In the UK, the European country that sent the highest numbers of troops, around seven percent of combat troops report PTSD. One of those is British veteran David who told his story in the Life Links episode #stillbreathing. After coming back from Iraq and Afghanistan, he experienced outbursts of anger, sleepless nights for days on end, and if he managed to find sleep, recurring nightmares about the one mission that nearly killed him awaited him. His marriage failed, he turned to alcohol.
“We assumed there were no PTSD cases”
In a world shaped by wars, civil unrest and political instability, situations that could trigger PTSD can hardly be eliminated. Still, while some argue that government have a responsibility to improve the procedures in place for when troops return home bringing with them their internal battles, others say there are reasons as to why PTSD often isn’t diagnosed or treated.
“In the past we assumed there are no PTSD cases in the German army because soldiers didn’t approached us. Over years they [soldiers] tried to cover up that this was an issue - not just in Germany, everywhere,” says Hellmut Königshaus, parliamentary ombudsman for the armed forces in Germany. In February 2015, the official figures stated the number of PTSD cases in the army had increased by 26 percent in 2014, compared with 2013.
Johannes says it took him two-and-a-half years to realize he had a problem. Back in Germany, he had nightmares, tried to go to university and then stopped after three months and his girlfriend broke up with him.
“It was a fight against myself,” he says. “I struggled hard to accept that I needed help. In my view, soldiers are people who are meant to improve life for others, and not become victims themselves. It’s hard for soldiers to talk about PTSD. It doesn’t fit the job. Men have even more trouble discussing it.”
But, the veteran, who wrote a book “Four Days in November” about his experience, adds: “If I’m honest, I don’t know if that would have helped. Each individual needs to realise they have to change something. That’s the same with any mental illness or alcoholism.”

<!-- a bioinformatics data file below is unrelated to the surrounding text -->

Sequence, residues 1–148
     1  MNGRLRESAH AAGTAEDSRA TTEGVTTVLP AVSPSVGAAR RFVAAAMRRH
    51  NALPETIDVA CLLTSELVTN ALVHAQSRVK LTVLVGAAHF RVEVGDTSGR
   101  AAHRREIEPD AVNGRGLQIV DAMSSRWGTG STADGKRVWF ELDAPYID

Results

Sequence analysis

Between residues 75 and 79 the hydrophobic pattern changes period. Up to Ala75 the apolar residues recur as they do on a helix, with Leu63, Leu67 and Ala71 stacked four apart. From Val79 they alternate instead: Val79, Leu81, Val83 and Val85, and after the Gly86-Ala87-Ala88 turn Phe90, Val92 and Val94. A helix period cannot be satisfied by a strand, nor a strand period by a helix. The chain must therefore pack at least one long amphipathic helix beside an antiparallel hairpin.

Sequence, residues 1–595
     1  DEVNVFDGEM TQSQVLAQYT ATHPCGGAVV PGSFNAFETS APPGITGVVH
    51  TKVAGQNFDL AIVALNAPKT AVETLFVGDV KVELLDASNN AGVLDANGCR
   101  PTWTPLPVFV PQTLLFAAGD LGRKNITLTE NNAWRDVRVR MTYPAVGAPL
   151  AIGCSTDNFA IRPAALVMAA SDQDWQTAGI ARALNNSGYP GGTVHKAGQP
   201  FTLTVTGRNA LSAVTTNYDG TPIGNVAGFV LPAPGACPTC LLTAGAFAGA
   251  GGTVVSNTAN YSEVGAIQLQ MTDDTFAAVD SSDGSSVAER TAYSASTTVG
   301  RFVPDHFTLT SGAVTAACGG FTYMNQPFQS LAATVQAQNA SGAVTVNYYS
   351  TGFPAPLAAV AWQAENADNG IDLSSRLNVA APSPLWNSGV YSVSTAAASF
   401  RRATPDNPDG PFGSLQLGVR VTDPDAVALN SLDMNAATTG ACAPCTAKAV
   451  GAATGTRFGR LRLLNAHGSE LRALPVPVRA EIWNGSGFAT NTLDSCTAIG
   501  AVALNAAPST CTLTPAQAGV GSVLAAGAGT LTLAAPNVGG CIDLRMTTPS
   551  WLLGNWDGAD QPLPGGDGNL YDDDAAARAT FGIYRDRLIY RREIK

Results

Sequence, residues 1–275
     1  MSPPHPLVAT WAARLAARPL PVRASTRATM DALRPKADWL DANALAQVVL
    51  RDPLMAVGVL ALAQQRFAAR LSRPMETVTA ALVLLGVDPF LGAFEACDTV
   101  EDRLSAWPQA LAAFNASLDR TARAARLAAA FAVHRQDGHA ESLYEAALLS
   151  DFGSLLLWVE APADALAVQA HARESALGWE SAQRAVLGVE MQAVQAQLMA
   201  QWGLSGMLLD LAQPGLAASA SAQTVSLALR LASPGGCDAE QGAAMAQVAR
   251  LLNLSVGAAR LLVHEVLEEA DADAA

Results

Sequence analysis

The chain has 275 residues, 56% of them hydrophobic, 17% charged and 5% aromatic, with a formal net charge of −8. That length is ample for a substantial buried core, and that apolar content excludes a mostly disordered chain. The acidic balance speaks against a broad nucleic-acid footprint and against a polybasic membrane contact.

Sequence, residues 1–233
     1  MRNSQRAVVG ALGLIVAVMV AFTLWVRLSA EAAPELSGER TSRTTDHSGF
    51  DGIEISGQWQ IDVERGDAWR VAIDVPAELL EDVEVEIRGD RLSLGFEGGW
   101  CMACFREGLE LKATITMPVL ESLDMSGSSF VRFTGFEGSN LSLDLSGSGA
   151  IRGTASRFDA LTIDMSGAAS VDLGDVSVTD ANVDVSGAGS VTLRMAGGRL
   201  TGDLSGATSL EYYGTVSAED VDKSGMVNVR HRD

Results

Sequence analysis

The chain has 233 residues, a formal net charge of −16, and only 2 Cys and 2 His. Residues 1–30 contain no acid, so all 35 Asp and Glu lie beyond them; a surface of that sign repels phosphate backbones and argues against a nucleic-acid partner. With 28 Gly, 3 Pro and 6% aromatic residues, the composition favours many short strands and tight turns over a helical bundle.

Waiting for change in the army
But it’s not only soldiers themselves who are responsible for a lack of understanding the issues surrounding the diagnosis and treatment PTSD. Three years after the report on “hidden figures” was released, Hans-Ulrich Wittchen, professor of psychology at the university TU Dresden and one of the report’s authors, is still awaiting change within the army: “We need to be more open towards new research, we need to independently look at the problems and implement solutions. After we published the study about the PTSD hidden figurea, structures in the army largely haven’t changed.”
Currently, the German army ‘screens’ all soldiers for existing physical and mental conditions before they are taken on for service. Psychologists educate troops about the potential psychological consequences of war before they are being deployed and once out there, troop psychologists are the point of first contact if something happens. Afterwards there a rehabilitation seminars and if PTSD is diagnosed, a long process of stabilisation therapy begins.
But Wittchen argues that the treatment in place is inefficient and that in fact PTSD is a highly treatable disorder and often doesn’t need years of stabilisation and ambulant treatment.
“There are doubts as to whether the common practice, a stationary regime over several months, is effective. An intensive psychotherapy with ambulant treatments where the patient is being handled frequently and for at least 50 minutes per session seems more efficient. But usually that’s not being offered,” he adds.
85.5 percent of German soldiers who were deployed in Afghanistan report having experienced at least one distressing event.